Speaking at the Denver Museum of Nature and Science on a day when the weather forecast warned of possible tornadoes and golf-ball-size hail east of the city, Dr. Lubchenco said there would be a gap of at least a year and a half, and possibly much longer, during which NOAA has no operational satellite circling the planet on a north-south orbit.

The polar-orbiting satellite enables scientists to predict severe storms five to 10 days before they hit.

“Whether the gap is longer than that depends on whether we get the money”— $1 billion — “in the next budget,” warned Dr. Lubchenco, an environmental scientist. “I would argue that these satellites are critically important to saving lives and property and to enabling homeland security.”

This is an old story: Before or after a natural disaster, you can usually find a Republican who wanted to cut funding for departments and organizations that predicted and protected people from said disaster.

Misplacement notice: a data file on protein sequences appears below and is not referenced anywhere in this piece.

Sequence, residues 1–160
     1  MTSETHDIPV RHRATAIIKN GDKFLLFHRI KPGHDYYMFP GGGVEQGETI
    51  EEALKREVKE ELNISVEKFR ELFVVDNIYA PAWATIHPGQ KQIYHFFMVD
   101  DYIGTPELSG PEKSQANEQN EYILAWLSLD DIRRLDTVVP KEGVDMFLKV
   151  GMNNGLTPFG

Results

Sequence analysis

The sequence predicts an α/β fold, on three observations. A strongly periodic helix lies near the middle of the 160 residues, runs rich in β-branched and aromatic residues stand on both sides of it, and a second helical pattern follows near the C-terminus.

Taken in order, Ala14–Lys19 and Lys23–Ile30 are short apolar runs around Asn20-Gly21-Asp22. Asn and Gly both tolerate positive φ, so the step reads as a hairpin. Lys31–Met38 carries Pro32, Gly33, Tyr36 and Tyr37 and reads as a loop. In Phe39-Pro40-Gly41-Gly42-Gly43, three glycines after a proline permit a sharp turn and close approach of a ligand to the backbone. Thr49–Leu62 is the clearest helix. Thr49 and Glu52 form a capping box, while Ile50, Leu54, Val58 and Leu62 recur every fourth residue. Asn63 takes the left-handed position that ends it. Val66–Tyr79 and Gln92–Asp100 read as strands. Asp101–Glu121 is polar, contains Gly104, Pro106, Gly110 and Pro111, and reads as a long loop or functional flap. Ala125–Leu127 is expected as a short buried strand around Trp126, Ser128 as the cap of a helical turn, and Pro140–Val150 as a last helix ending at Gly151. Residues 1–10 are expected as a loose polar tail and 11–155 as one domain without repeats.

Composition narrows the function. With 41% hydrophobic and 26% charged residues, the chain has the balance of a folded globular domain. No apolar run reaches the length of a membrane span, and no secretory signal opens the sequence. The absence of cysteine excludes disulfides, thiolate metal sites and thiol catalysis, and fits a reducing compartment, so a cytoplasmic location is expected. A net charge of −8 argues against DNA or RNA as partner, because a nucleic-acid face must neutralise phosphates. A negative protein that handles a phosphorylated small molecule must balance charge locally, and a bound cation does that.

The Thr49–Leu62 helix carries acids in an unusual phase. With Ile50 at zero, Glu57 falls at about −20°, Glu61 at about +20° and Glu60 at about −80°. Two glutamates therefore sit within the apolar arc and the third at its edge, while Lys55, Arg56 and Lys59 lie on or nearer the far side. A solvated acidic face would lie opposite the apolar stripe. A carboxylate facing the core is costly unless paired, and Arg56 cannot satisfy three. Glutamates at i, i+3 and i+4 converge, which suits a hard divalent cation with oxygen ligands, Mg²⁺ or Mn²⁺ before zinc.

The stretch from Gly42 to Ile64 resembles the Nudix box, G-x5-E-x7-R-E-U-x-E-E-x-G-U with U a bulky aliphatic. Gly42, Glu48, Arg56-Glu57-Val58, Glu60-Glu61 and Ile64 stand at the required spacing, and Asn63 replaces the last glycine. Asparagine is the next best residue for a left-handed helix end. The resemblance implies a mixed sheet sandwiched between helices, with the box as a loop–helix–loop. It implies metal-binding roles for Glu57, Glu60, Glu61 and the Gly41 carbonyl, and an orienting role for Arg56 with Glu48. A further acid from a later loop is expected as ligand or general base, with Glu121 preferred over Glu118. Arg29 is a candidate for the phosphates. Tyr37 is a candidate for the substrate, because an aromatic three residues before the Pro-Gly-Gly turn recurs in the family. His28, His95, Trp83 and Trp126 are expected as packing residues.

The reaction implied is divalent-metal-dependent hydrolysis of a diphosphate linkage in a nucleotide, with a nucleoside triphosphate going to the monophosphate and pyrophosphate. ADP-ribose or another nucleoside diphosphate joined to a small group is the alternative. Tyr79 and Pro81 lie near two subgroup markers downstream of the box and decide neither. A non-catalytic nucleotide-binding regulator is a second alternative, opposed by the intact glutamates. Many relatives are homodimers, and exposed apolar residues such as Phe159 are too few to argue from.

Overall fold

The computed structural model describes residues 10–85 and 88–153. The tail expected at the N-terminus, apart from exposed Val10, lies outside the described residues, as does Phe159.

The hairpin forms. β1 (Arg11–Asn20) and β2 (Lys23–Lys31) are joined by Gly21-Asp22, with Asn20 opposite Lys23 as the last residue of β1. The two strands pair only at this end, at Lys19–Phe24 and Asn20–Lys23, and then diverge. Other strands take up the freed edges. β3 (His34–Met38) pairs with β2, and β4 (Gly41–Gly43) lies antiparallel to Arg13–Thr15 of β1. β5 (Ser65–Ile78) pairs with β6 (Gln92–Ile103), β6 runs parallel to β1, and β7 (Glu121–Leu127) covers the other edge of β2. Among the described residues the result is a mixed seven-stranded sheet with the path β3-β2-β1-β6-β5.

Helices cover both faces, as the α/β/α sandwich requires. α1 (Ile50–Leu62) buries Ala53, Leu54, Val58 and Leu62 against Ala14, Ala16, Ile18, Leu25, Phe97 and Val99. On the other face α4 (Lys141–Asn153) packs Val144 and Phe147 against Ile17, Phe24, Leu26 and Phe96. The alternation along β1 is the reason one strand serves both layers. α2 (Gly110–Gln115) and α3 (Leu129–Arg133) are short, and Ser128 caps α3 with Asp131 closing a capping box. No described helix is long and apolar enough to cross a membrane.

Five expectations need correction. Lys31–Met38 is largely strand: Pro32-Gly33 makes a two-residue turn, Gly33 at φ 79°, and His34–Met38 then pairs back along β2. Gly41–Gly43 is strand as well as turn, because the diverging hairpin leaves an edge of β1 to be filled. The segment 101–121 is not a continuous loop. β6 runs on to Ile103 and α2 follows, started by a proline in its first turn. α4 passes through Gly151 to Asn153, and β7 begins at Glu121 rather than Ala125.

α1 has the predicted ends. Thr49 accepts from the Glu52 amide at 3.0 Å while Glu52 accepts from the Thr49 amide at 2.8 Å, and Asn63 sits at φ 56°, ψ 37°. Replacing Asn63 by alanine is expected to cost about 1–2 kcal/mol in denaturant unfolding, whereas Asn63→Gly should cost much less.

Remember when Louisiana governor and poor public speaker mocked the concept of funding for “volcano monitoring” and then a volcano promptlyerupted in Alaska? And remember how after Eric Cantor pushed for across-the-board budget cuts for the United States Geological Survey, his district was hit with an earthquake? And remember how the House Republican budget cut funding to the National Oceanic and Atmospheric Administration and then there was an earthquake and tsunami in Japan?

Yes, well, as Matt Yglesias points out, when you want to cut funding for everything the government does, sometimes there will be major news events that involve something the government should be doing something about, and people will say, hey, shouldn’t the government be doing something about this?